Aside from light source protection one of the one simplest but most beneficial things you can do for your dining set is to rotate it. No matter how careful you are with light pollution and exposure to heating and air-conditioning vents, the components of a set of furniture eventually will start to exhibit minor differences in color, cleanliness and wear based almost exclusively on how the components are arranged in their space and how they are used. The backs of chairs exposed to a window for many years will eventually fade, while the fronts of the chairs on the opposite side of the table will too – not to mention the sides of the table if it is not covered. And if you use your set on a regular basis and the same people sit in the same place every time, sooner or later the location of the sloppy eaters becomes apparent from the condition of the table itself, the tablecloth, the chair and the carpet. Pick a single date in the year, like your birthday or the first day of spring – anything as long as you are consistent from year to year – and use that day to completely rotate the orientation of your dining room set – table, chairs, carpet, china cabinet, art work – the works. Just keep telling yourself “change is good.” The major caveat for this operation is not to attempt to move all this stuff by yourself. Sure you can move the chairs and the artwork and the plant stand but it takes at least two people to move a full-size dining table. Do the same for a china cabinet and sideboard, especially if you are moving them out of the room to rotate the area rug under the table.One final note about light and fading: Placing objects of decoration on a tabletop for an extended period of time can often lead to undesirable consequences. In the case of the silver or mirrored tray placed in the center of the table to hold the magnificent artificial flower arrangement, even if you rotate the table and everything else in the dining room, the same spot in the center of the table is covered. Years from now when you examine the bare table in adequate light you will see the dark shadow of the sheltered spot, coincidentally shaped exactly like the tray. To a lesser extent the same holds true for wide-bodied candle stands, epergnes and pottery. Be mindful of what you place on the table and for how long you leave it there.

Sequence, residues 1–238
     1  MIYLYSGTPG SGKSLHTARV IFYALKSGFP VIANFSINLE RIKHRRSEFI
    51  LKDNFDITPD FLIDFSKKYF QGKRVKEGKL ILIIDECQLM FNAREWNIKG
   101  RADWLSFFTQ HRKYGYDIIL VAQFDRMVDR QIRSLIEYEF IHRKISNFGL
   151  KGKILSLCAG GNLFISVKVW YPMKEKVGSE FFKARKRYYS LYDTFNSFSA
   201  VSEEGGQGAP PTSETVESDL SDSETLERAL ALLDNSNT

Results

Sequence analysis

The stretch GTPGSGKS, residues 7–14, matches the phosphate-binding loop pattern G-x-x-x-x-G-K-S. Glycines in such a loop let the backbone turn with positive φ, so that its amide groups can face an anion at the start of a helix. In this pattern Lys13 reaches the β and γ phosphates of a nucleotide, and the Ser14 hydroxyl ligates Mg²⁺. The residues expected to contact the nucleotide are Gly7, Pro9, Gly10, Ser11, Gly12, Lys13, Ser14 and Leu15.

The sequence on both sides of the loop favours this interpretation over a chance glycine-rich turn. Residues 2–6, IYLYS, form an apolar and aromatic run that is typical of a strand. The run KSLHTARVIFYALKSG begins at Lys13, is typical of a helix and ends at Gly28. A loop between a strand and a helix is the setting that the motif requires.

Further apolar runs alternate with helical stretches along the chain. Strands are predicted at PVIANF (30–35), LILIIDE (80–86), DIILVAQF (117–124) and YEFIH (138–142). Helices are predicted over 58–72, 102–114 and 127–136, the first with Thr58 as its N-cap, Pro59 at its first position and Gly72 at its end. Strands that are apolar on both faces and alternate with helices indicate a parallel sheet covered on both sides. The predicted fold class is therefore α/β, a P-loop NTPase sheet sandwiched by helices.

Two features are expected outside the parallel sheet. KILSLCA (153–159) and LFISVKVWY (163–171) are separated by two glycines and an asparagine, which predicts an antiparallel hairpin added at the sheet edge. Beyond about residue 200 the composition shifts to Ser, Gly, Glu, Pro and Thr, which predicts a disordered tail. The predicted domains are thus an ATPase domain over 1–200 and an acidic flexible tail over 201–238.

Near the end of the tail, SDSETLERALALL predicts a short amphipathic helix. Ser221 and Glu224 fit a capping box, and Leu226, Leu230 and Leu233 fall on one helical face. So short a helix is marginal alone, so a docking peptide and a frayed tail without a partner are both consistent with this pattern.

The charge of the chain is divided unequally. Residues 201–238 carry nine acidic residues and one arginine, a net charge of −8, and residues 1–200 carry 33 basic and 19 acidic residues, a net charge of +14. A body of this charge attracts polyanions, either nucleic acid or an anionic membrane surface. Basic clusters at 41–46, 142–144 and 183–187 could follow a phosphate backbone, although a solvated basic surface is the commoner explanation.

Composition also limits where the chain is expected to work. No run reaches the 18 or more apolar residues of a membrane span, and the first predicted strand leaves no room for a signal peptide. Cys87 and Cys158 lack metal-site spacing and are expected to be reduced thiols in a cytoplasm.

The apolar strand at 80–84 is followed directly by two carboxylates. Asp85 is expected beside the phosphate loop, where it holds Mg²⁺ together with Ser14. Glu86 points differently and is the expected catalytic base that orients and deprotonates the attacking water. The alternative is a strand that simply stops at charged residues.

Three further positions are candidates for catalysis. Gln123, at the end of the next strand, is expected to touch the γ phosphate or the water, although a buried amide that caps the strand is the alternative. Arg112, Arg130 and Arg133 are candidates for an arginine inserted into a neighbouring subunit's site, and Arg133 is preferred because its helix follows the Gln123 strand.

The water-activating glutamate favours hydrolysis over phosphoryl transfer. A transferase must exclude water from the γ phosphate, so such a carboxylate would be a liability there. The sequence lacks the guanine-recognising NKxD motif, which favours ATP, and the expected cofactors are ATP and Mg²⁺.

One of the best acquisitions you can make for your dining room table is a set of custom-made high quality table pads. You can mess around for years with rubber sheets, quilts, blankets, tablecloths, placemats and all the other low-cost substitutes, but eventually you will grow tired of the bother and disgusted with the inadequate results. When that happens call a good furniture restoration artist (you should know one anyway) and ask what brand of table pad he or she recommends and who sells them. It will be easier than you think. In most cases the company will send a local rep to your house to measure the table and show you samples of the bottom suede or velvet lining and let you pick your color of top vinyl covering. After placing the order your pads normally arrive in about two weeks. Good ones will come with latches or locks that hold individual sections of the pad together while they are in place on the tabletop. But do not leave the pads installed permanently. They should be stored in their original box in a horizontal position when not in use.And speaking of storage – are the extra expansion leaves of your table standing up in the hall closet (bedroom closet, kitchen cabinet) awaiting their next use? The longer they lean against the wall in the closet the more likely they are to develop a bad case of “no longer straight and flat”. In other words they will warp, just like any long board or piece of plywood standing on edge against a wall. The leaves should be wrapped loosely in thin blanket and store horizontally (along with the table pads) under your bed, out of the way.
Finally you should produce a filmed inventory of most of your household belongings, but especially of your expensive and better furniture and antiques. If you can afford it have this done by a professional who probably has better equipment than you do and who can edit and label your final product. Keep this inventory in a safe deposit box along with the professional appraisals you have had done of your better stuff items.There are lots of other things you need to be doing on regular basis for and to your furniture but those are for another time.
Visit Fred's website at www.furnituredetective.com. His book How To Be a Furniture Detective is available for $18.95 plus $3 shipping. Send check or money order for $21.95 to Fred Taylor, P.O. Box 215, Crystal Fiver, FL, 34423.
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|Last Updated on Wednesday, 05 December 2012 11:55|